How your dog's historical purpose affects them today!
This post is an excerpt from my Puppy Owners Course- I hope it will provide a little bit of help for other new Lab puppy owners- but if you have a different breed, check out the book below for more information about what your breed was bred to do, and what sort of activities might be best suited to unlock that historical purpose!
There are quite a few books written about the early history of the Labrador Retriever, which you might find interesting and I would encourage you to read. We won't get into all of the specifics of the breed development here because you can find that in books such as:
The NEW Complete Labrador Retriever- by Helen Warwick
The Official Book of the Labrador Retriever- by the Labrador Retriever Club, Inc.
(These books are out of print but you can probably find older copies on ebay, if you're interested in nerding out a bit!)
Along with the early history of the breed, it is important for you to understand the more recent functions of Labs and how these job descriptions affect breeding programs -because this will also help you better understand your dog, their innate instincts, and how you can help focus your training to take advantage of their strengths and avoid common training issues. Proper puppy raising is important but it's not ALL how you raise them- their genetics and environment play a significant role and it's helpful to understand how they may impact your puppy's behavior and instincts.
In the last fifty years or so, the Labrador Retriever has become one of the most popular breeds in the world- if not THE most popular breed- in every country that it is found in! That's not an accident, and it's not just people following trends. It's because the traits we find in Labs make them a very versatile dog, capable of being both great family dogs and working dogs- which means they can fill many different roles in a wide range of living situations. I would say that their popularity is entirely because Labs are both generalists by nature- they can do well at many things based on their inherited physical and mental characteristics. But- it is important to know that even for great family dogs like labs, being 'full time house dogs' is a new phenomenon for dogs. Even breeds who were meant to live with and support families closely were not initially bred to spend entire days indoors. This is a new thing for dogs. You might want to see my previous blog post called "Dogs are Zoo Animals" for more thoughts on this.
Because Labs have become so numerous and plentiful, there are also now 'specialist' populations found within the breed! There can often be big differences between these populations. For example, most Labs who compete in dog shows (beauty pageants) are especially bred for that. In order to be the best in show among hundreds or thousands of dogs at a weekend or national level show, it takes specialization! The breeders have to really prioritize the physical characteristics of a show dog in order to achieve a dog that is built and looks as perfect (to their interpretation of the breed standard) as possible. They can get away with a dog who doesn't really retrieve, or isn't exceptionally easy to train, as long as they are meeting that ideal physical appearance.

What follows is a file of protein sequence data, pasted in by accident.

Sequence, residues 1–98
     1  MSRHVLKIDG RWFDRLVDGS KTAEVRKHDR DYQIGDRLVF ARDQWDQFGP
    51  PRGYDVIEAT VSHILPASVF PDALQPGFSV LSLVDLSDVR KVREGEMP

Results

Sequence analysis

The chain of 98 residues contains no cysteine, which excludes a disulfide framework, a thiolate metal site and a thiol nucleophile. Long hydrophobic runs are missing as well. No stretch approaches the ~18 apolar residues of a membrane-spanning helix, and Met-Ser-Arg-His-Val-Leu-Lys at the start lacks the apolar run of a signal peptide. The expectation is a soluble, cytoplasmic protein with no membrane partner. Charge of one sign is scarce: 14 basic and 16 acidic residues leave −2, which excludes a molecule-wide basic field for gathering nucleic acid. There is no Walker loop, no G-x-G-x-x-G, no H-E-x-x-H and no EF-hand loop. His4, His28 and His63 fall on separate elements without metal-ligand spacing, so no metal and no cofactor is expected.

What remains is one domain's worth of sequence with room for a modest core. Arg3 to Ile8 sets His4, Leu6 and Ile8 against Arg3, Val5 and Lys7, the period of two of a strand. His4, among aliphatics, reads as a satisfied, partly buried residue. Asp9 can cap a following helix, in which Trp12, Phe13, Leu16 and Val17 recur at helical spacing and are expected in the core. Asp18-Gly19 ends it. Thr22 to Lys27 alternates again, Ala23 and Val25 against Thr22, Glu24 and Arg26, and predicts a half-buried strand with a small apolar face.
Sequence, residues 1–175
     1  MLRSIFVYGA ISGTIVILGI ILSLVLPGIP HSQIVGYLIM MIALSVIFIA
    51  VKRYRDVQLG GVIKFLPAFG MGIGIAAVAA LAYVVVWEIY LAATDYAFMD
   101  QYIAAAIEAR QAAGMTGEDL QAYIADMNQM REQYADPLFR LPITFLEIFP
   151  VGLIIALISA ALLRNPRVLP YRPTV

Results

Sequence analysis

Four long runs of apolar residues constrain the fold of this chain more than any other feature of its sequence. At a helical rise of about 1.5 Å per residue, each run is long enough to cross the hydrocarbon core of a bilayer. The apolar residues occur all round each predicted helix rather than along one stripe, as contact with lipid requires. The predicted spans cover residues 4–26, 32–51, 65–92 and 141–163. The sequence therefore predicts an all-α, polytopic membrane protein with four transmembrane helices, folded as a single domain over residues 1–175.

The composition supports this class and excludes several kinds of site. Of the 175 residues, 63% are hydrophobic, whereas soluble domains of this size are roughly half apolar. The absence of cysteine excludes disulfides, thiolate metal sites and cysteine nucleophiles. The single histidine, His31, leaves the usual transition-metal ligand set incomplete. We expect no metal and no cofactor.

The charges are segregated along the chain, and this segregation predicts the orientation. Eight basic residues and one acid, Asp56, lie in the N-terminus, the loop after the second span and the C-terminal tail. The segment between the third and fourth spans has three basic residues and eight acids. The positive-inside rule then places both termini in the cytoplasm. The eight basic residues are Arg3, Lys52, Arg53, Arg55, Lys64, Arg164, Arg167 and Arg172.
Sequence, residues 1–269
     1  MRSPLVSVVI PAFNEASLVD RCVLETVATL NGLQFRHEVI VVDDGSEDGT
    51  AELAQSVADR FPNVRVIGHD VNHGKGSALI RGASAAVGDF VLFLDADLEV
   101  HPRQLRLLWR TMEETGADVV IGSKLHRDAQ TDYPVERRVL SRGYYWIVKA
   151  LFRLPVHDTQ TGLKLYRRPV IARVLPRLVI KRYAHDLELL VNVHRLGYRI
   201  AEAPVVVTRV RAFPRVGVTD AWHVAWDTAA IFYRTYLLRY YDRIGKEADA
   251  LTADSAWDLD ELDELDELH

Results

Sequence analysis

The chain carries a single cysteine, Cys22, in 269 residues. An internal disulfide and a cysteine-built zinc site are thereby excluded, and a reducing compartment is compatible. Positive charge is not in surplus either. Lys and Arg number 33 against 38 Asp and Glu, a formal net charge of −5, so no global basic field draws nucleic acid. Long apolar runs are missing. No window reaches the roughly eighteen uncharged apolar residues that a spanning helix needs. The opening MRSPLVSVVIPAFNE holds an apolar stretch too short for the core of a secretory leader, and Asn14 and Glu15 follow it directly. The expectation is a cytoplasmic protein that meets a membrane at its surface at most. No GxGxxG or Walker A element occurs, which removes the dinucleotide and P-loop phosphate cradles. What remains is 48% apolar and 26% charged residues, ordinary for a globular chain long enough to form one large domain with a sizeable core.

There is also a subset of Labradors bred for service work- working as guide dogs for the blind and other public-access type service situations which require a dog who both has the stamina for long work days and the calm nature to be able to function in very busy, ever-changing areas among a high level of distractions. It matters less what these dogs look like, but it matters very much how they behave and how comfortable they are around unpredictable situations. Behavior has to be very reliable! There is almost no situation in a service dog's day that require excitement or great animation- so these dogs tend to be pretty chill and low key.
Then, we have the pool of Labradors bred for their original function- as hunting dogs (or related athletic tasks). That is the pool of Labs that our dogs come from, so we're going to talk about that a bit more!
What makes the ideal hunting dog and why do these dogs make such great pets for active, outdoorsy families and candidates for other types of work or dog sports (and not-so-great pets for more sedate families?) It can help to understand what a day in the life of a hunting dog looks like- because whether you are a hunter or not, the genes that make good hunting dogs live in your dog and will influence their behavior too.
To start with, the average hunting dog IS a family dog. Labs are very common in one or two dog households of 'average' families. That means that the dog plays double duty as both a childhood buddy, and a hunting dog. It means that they are more bonded to their family and wanting to spend time with people, vs spending time exclusively with other dogs (like, say, scent hounds, who are also hunting dogs that work in a group) nor do they keep themselves busy on solo duties (like guardian type dogs- who also bond with their families but are designed to be vigilent and often less welcoming of strangers). Labs are not expected to perform any guard duties at all actually- they are not free-roaming the property and so they do not have the instincts required to stay home. Dogs who are bred for jobs like guarding- like a German Shepherd for example- are genetically wired to be able to respect invisible boundaries, patrol a specific area, or act defensively - but these are not at all part of a Lab's job description. So, fencing is a must. Time with the family is a must. Those things are built into their DNA!
These hunting dogs, when they aren't busy with the family, spend time hunting in various capacities. The most common type of hunting that Labs are trained for is waterfowl hunting. This involves getting up at the crack of dawn to get out to the field or marsh, and then waiting- sometimes hours- for the birds to arrive. Patience is a virtue! That off-switch we love- it's built into their DNA. But then the birds do finally arrive, and the hunter shoots- and the dog must quickly go and retrieve them all (maybe a half dozen or more, depending on legal limits, the number of hunters, and luck). Springing into action after a long wait, and without a warmup period, requires a dog that gets amped up quickly and can get straight to work. The retrieves might involve a long swim, chasing a wounded duck through icy water, long weeds, snow, tall field grasses or brush. It might involve a lengthy search by scent to find a duck that is concealed alon a murky pond edge. It may require many stops and directional signals from the hunter in order to pinpoint the location of a specific duck, or avoid hazards. After that short burst of intense activity, it's back to waiting for the next flock to arrive or back home to resume family duties. Calming down quickly after that burst of intense excitement is important so the whole cycle can start again.